Swaziland, which has the world's heaviest HIV rate, has in five years cut the rate of new infections nearly in half by boosting the public's access to virus-suppressing drugs, researchers said Monday.
In Swaziland, where one in three adults is infected with HIV, the AIDs-causing virus, officials have vastly expanded public programs to test people for HIV infection, increasing acess to life-saving, anti-retroviral treatment (ARV).
"The rate of new HIV infections has been reduced by half," Swazi Health Ministry official Velephi Okello told journalists at an HIV science conference in Paris.
"Remarkable progress has been made. ... In controlling the HIV epidemic."
In 2011, 31 percent of adults between the ages of 18 and 49 among the entire population of just over 1.2 million were infected with HIV, according to government data.
This makes Swaziland the country with the highest national rate of new infections and the highest proportion of people living with HIV, according to the authors of the new study.
The latest data is based on blood samples taken from nearly 11,000 people aged 15 and above and revealed that roughly 27 percent of the population was HIV-positive in 2016.
This translates to an infection rate of 1.4 percent among 18-to-49-year-olds, down from 2.6 percent in 2011 - a 46-percent reduction.
Ninety-five percent of HIV-positive pregnant women last year received drugs to prevent transmission of the virus to their offspring.
"As a result, fewer than 1,000 children became infected with HIV in Swaziland in 2016," the U.N. agency said.
The infection rate was higher among women than men, according to a survey report to the International AIDS Society Conference. The decline was notably steeper for men, with 52 percent compared to women with 40 percent.
The survey revealed that 73 percent of people on ARV had successfully put the virus in remission - meaning it is not replicated to make them ill - compared to 35 percent in 2011.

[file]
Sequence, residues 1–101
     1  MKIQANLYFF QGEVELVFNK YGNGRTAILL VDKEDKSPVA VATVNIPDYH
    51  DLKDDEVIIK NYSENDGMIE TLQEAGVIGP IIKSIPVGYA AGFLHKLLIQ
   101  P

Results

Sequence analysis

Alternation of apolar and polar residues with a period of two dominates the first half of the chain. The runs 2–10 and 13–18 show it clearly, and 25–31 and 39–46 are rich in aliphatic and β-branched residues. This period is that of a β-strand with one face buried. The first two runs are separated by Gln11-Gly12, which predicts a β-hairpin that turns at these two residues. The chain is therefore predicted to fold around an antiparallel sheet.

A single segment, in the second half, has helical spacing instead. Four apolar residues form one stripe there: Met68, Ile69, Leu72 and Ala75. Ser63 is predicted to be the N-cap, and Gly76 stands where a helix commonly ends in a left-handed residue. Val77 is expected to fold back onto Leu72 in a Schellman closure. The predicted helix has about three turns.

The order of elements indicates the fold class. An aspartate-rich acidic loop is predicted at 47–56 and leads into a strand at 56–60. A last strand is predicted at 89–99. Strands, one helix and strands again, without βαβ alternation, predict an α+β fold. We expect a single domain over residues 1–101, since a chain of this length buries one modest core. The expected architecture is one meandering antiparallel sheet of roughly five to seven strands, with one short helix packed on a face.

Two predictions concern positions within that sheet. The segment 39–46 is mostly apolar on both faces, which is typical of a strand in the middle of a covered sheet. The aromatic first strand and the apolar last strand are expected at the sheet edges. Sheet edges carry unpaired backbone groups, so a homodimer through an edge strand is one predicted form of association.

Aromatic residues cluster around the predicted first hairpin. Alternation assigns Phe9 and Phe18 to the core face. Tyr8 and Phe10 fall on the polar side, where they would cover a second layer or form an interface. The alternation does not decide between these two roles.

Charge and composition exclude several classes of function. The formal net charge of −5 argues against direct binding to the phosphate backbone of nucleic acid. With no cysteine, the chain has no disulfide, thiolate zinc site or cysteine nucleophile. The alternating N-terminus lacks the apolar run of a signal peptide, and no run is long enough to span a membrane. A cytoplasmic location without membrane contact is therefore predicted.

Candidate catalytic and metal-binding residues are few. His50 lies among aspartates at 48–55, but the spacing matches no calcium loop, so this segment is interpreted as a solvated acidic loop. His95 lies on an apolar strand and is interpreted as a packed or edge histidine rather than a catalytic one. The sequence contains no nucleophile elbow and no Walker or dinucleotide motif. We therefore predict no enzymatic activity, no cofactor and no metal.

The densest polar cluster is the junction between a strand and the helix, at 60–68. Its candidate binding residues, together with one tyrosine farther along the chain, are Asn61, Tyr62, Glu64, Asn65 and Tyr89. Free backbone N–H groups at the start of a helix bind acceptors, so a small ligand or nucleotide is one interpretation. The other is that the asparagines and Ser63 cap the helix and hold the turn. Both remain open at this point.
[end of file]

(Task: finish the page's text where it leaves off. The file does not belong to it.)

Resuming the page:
The advancements are the result of the country's vastly improved HIV treatment program according to researchers. The rate of infected people on ARV treatment rose from 37 percent in 2011 to 74 percent last year.
ARV not only stops the HIV virus from replicating and attacking a patient's immune system but also curbs its spread to sexual partners.
"Our recipe for success is that we. ... Have been able to scale up a lot of the preventative and treatment services in the country," Okello said.
"We have more than doubled the number of people who have started on anti-retroviral treatment, and we have also nearly doubled the number of men who have been circumcised in the country."
According to the World Health Organization (WHO), there is "compelling evidence" that male circumcision reduces the risk of heterosexual sexual transmission of HIV by as much as 60 percent in men. The number of HIV tests conducted in Swaziland more than doubled from 176,000 in 2011 to 367,000 in 2016.
"Basically, we think that this is one of the recipes [for success], coupled with the government's commitment to buying and procuring the ARVs for people in the country so that there is a sustainable response going forward," said Okello.
Despite the "great news," she cautioned much more needs to be done to maintain the downward trend.
"While we do celebrate these findings, we still know that Swaziland is facing a severe HIV epidemic," she said.
"In the end, we would like to see a Swaziland which is free from AIDS."